"Brooks Brown could possibly be a suspect," Stone said. "Mr. Brown, as well as several others, are in the investigative mode."
The Browns were livid. It was the sheriff who was blowing smoke, they declared, trying to cover up his agency's incompetence by casting suspicion on the very people who'd recognized that Eric Harris was dangerous and had tried to get the cops involved. "Every time we brought up the Web pages, he always diverted attention to us," Randy Brown says now. "Sheriff Stone had absolutely no evidence of Brooks being involved. This shows what kind of person he is."
Brooks Brown wasn't the only one to get the Richard Jewell treatment from Stone and his top brass. The sheriff's off-the-cuff sniping at Harris's parents undoubtedly contributed to their reluctance to speak with investigators for months, and his office's willingness to identify other potential suspects by name, including at least one juvenile, appalled defense attorneys. But Dunaway says that his boss's terminology was accurate, that there were plenty of reasons to suspect Brooks.
"This Brown person is telling us that he is in direct personal contact with Harris moments before the killings begin," Dunaway says. "And Harris tells him that he likes him and that he should leave the school. Then he shows up in a class photo with Harris and Klebold, and they're all pointing fingers at the camera, as if they had guns."
The Browns paid for a private polygraph test to establish that their son had no prior knowledge of the attack; he passed. But to this day the sheriff's office has never formally cleared Brooks; Dunaway will only say there's no evidence "at this time" to connect him to the shootings.
"They're the ones who keep talking about this stuff," he says of the Browns. "They're the ones who went to their own polygraphist, but when our investigator asked for the results and the questions, they refused to give us any of that information. To say they were cooperative with the investigation is not correct. They were not cooperative."
"That's a lie," Randy Brown responds. "We spent hours with the police and the FBI. The only reason they wanted the polygraph results was to try to discredit them. All these people care about is their own reputation. They don't care about anyone else at all."
Over the past year the Browns have sought to assemble the paper trail of their contacts with the sheriff's office, only to find much of it missing or denied to them. They have been told there's no record of any incident report stemming from their first complaint about Eric Harris over a broken windshield (Judy Brown says that deputies contacted the Harrises twice about that complaint). They have been told that the Browns themselves insisted that the Harrises not be contacted about the online death threats. (Randy Brown says he asked that the officers not mention Brooks as the source of the information, for fear of reprisals, but strongly urged them to contact Eric's father.) They have been told that John Hicks, the detective assigned to the case, has no record of meeting with them in his office in March 1998 -- a meeting the Browns recall vividly because, they say, two bomb technicians gave them a quick lesson in pipe bombs and Hicks indicated that his office already had a file on Eric Harris.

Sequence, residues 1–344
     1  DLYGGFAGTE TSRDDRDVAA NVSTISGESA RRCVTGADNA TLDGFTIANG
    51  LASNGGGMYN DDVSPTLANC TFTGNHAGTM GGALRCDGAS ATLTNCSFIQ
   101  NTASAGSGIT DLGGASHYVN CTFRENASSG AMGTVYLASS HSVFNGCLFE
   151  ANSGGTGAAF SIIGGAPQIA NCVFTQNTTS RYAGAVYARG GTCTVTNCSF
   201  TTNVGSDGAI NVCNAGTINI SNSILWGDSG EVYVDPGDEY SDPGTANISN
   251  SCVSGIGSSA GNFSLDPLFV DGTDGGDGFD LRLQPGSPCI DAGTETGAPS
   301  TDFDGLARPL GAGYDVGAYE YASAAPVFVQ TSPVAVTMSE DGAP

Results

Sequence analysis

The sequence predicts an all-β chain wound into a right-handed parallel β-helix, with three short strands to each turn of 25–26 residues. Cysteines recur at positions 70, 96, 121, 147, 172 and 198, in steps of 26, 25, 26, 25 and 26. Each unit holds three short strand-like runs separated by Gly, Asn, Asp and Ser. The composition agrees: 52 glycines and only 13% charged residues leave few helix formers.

According to Division Chief John Kiekbusch, many of the "missing" records the Browns have sought were routinely purged or never existed to begin with. Last spring the sheriff's office issued a statement confirming that a computer check in response to the Brown complaints had failed to turn up Harris's prior arrest for theft; "I cannot verify that a computer check on Harris was done or the information produced by such a check," Stone says now.
Judy Brown says she has been told she can no longer contact clerks in the sheriff's office to make public-records requests like any other citizen, but instead must direct her inquiries to a senior administrator, who hasn't returned her calls in weeks. "The Browns are free to speak with any sheriff's office personnel as appropriate to their inquiry or needs," Stone says.
"Our lives have turned into a really bad X-Files," says Brooks Brown.